Vagina: What's normal, what's not
Vaginal health affects more than just your sex life. Find out about common vaginal problems and ways to promote a healthy vagina.By Mayo Clinic Staff
Vaginal health is an important part of a woman's overall health. Vaginal problems can affect your fertility, desire for sex and ability to reach orgasm. Ongoing vaginal health issues can also cause stress or relationship problems and impact your self-confidence. Know the signs and symptoms of vaginal problems and what you can do to protect your vaginal health.
What affects vaginal health?
The vagina is a closed muscular canal that extends from the vulva — the outside of the female genital area — to the neck of the uterus (cervix). Various factors can affect the health of your vagina, including:
- Sex. Unprotected sex can result in a sexually transmitted infection. Forceful sex or an injury to the pelvic area can result in vaginal trauma.
- Certain health conditions or treatments. Conditions, such as endometriosis and pelvic inflammatory disease, might cause painful sex. Scarring from pelvic surgery and certain cancer treatments also can cause painful sex. Use of some antibiotics increases the risk of a vaginal yeast infection.
- Birth control and feminine-hygiene products. Barrier contraceptives, such as condoms, diaphragms and associated spermicide, can cause vaginal irritation. Infections after childbirth or using a tampon for longer than 8 hours can increase the risk of toxic shock syndrome — a rare, life-threatening complication of a bacterial infection.
- Pregnancy and childbirth. If you become pregnant, you'll stop menstruating until after your baby is born. During pregnancy, vaginal discharge often increases. Vaginal tears are relatively common during childbirth. In some cases, an episiotomy — an incision made in the tissue between the vaginal opening and anus during childbirth — is needed. A vaginal delivery also can decrease muscle tone in the vagina.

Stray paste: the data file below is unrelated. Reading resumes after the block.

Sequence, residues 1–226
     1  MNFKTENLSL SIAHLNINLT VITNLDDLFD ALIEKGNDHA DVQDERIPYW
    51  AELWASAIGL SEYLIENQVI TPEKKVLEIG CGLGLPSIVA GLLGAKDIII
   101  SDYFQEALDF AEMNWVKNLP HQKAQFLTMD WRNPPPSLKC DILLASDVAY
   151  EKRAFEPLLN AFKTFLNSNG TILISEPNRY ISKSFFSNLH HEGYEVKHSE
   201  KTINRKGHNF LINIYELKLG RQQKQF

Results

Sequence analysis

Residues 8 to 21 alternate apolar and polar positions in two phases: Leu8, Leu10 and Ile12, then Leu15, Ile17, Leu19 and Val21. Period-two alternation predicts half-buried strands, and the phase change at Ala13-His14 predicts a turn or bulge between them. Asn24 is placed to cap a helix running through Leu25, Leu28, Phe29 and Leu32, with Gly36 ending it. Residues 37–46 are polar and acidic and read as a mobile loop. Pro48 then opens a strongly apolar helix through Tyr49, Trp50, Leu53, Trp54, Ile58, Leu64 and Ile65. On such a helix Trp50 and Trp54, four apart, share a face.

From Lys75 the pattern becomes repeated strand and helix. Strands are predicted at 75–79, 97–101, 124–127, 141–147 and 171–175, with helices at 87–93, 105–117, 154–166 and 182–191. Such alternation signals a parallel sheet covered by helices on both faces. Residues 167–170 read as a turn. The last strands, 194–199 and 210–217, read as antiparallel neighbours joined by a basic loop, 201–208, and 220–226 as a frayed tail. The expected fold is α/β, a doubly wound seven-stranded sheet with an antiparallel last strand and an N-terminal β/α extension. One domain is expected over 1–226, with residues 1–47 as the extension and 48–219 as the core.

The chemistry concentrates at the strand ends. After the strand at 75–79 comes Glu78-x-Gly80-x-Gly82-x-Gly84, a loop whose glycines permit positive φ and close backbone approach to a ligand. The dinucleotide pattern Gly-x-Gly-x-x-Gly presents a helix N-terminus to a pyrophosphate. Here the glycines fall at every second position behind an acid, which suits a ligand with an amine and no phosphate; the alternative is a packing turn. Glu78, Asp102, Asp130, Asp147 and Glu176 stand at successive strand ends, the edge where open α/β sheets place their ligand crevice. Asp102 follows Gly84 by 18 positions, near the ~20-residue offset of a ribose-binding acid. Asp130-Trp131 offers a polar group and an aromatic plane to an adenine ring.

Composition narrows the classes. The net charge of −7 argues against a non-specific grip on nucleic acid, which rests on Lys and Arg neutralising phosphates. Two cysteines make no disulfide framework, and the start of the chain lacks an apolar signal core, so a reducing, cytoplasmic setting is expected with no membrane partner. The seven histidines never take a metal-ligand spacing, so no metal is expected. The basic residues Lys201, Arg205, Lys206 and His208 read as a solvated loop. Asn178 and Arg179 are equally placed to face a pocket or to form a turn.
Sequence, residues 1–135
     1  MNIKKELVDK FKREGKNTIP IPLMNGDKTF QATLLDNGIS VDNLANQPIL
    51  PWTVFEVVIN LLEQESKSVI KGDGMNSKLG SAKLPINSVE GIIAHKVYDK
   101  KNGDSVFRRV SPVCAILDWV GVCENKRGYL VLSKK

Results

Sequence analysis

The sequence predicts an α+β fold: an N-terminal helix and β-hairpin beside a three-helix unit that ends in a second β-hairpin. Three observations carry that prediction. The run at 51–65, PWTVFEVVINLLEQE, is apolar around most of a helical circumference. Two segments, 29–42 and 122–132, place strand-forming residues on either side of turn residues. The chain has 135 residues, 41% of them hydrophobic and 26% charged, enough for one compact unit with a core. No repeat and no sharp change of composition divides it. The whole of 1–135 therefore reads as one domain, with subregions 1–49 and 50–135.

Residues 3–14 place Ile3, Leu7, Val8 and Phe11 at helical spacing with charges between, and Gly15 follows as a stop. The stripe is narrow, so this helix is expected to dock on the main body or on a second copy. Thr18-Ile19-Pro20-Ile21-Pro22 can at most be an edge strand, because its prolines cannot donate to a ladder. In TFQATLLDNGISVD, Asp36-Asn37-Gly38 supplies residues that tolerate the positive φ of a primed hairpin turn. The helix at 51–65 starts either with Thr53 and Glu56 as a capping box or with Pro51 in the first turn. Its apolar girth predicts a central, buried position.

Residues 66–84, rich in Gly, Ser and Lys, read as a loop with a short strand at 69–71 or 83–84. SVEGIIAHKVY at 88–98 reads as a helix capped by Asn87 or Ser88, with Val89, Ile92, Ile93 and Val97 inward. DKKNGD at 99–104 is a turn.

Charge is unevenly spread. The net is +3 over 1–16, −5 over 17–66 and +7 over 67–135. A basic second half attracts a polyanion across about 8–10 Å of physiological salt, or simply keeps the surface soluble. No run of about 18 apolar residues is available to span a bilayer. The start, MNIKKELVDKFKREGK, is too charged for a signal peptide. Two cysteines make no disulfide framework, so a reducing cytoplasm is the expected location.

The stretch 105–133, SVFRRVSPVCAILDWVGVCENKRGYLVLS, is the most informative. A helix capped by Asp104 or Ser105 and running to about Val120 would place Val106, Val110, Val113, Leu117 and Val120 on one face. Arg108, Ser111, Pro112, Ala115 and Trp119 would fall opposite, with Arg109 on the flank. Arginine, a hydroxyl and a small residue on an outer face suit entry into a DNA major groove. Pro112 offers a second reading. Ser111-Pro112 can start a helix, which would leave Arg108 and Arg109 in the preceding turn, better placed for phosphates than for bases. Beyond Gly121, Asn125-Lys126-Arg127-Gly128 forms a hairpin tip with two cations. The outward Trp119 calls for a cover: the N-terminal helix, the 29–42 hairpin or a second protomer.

- Psychological issues. Anxiety and depression can contribute to a low level of arousal and resulting discomfort or pain during sex. Trauma — such as sexual abuse or an initial painful sexual experience — also can lead to pain associated with sex.
- Hormone levels. Changes in your hormone levels can affect your vagina. For example, estrogen production declines after menopause and during breast-feeding. Loss of estrogen can cause the vaginal lining to thin (vaginal atrophy) — making sex painful.
What are the most common vaginal problems?
Conditions that might affect your vagina include:
Feb. 28, 2015
- Sexual problems. These might include persistent or recurrent pain just before, during or after sex (dyspareunia). Pain during penetration might be caused by involuntary spasms of the muscles of the vaginal wall (vaginismus).
- Sexually transmitted infections. Various sexually transmitted infections can affect the vagina, including chlamydia, gonorrhea, genital warts, syphilis and genital herpes. Signs might include abnormal vaginal discharge or genital sores.
- Vaginitis. An infection or change in the normal balance of vaginal yeast and bacteria can cause inflammation of the vagina (vaginitis). Symptoms include vaginal discharge, odor, itching and pain. Common types of vaginitis include bacterial vaginosis, yeast infections and trichomoniasis.
- Pelvic floor relaxation. If the supporting ligaments and connective tissues that hold the uterus in place become weak, the uterus, bladder or rectum might slip down into the vagina (prolapse). As a result, the vagina also is pulled down. This might cause urine leakage during coughing and sneezing.
- Other conditions. Vaginal cysts can cause pain during sex or make it difficult to insert a tampon. Vaginal cancer — which might first appear as vaginal bleeding after menopause or sex — also is a rare possibility.
See more In-depth
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